Major offshore discoveries this year include countries as diverse as Russia, Cyprus, South Africa, Malaysia and Guyana. The majority of major discoveries so far this year have been in the offshore sector with over half being deep-water finds, VesselsValue, an online valuation, AIS and market intelligence service for the maritime and offshore sectors, said in a recent report.
This move into deeper water and frontier areas shows a shift in exploration tactics for many major energy companies this year. Operators of the top 10 discoveries, by estimated total reserves (MMBOE – Million Barrels of Oil Equivalent), include Gazprom, ExxonMobil, Total, PTTEP, Eni, Tullow, Shell and CNOOC.
In May of this year Gazprom announced two major gas discoveries on the shelf of the Yamal Peninsula in the Kara Sea, Dinkov and Nyarmeyskoye. These two fields being situated in adjacent Gazprom operated blocks, Rusanovsky and Nyarmeysky respectively. The combined gas reserves of these two discoveries are thought to be in excess of 1.5 billion BOE making this the largest discovery of 2019.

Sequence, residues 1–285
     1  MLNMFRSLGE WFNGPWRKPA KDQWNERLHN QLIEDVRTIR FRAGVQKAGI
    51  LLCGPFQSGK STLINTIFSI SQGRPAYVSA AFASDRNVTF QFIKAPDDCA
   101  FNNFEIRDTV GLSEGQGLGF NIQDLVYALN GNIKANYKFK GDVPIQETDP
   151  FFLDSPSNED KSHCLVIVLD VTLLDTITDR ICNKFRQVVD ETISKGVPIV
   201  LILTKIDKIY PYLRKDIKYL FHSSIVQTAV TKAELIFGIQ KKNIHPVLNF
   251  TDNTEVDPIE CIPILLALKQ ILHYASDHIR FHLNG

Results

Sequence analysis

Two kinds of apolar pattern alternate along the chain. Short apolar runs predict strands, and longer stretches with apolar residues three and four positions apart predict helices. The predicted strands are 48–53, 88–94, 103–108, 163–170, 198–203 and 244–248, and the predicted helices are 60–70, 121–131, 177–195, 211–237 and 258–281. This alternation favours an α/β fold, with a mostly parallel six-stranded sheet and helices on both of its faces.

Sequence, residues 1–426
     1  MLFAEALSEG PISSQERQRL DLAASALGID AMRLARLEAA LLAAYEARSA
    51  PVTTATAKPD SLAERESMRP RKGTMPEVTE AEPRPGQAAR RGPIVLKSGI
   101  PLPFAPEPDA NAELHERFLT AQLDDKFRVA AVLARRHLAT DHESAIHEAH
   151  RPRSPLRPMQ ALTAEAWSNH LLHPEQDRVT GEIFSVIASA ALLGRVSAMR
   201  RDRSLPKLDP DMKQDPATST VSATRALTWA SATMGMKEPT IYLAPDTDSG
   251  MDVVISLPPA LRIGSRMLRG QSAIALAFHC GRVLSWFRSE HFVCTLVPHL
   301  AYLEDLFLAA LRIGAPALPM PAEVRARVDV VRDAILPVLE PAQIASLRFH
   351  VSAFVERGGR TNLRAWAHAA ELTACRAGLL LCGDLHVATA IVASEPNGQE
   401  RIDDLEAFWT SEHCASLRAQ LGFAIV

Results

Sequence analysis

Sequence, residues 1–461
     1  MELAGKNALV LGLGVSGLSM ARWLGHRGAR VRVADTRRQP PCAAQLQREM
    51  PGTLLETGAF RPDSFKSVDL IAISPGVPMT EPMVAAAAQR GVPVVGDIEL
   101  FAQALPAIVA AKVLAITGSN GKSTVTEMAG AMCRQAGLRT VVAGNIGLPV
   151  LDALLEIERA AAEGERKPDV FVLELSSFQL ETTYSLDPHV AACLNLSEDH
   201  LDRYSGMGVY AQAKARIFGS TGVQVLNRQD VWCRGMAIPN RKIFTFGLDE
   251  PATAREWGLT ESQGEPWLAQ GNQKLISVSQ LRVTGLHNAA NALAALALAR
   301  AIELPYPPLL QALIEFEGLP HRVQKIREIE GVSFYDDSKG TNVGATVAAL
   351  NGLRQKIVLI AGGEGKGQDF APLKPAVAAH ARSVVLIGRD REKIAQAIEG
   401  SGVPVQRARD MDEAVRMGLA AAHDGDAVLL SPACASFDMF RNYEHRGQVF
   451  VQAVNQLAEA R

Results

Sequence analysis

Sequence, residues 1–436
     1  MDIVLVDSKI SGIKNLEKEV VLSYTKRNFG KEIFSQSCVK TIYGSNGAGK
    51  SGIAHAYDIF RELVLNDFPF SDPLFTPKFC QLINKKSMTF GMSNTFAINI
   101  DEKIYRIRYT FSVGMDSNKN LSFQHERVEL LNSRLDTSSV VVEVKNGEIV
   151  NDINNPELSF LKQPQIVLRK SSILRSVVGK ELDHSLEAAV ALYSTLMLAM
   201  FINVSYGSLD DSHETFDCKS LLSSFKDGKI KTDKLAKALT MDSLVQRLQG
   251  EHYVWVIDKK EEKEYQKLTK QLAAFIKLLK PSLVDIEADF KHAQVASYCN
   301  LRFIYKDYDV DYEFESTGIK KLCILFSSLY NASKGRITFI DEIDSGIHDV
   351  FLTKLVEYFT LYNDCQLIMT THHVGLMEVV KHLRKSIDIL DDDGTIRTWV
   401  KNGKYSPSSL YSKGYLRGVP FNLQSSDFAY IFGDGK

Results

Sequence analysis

The Cypriot Glaucus discovery in February of this year heralded significant gas reserves in offshore block 10 operated by ExxonMobil in conjunction with Qatar Petroleum. The Glaucus-1 well was drilled on the 17th of February in 4200m of water. Preliminary estimates by the company put the reserves of natural gas to be between 5 to 8 trillion cubic feet (Tcf.). This follows on from the 2018 Calypso discovery by Italian major Eni in neighbouring block 6.
Also, in February Total made the Brulpadda condensate discovery in the Mossel Bay area deep-water offshore South Africa. Current estimates for Brulpadda put total reserves at 558 MMBOE with drilling set to commence in early 2020.
ExxonMobil also had a series of oil discoveries in the Stabroek block offshore Guyana including Yellowtail, Tilapia and Tripletail. Adjacent to the Stabroek block are the Tullow oil discoveries Joe and Jethro in the Orinduik block.
VesselsValue said other major discoveries this year included Lang Lebah (Malaysia), Glengorm (United Kingdom), Froskelar and Frosk (Norway), Blacktip (USA), Agogo (Angola) and Nour (Egypt).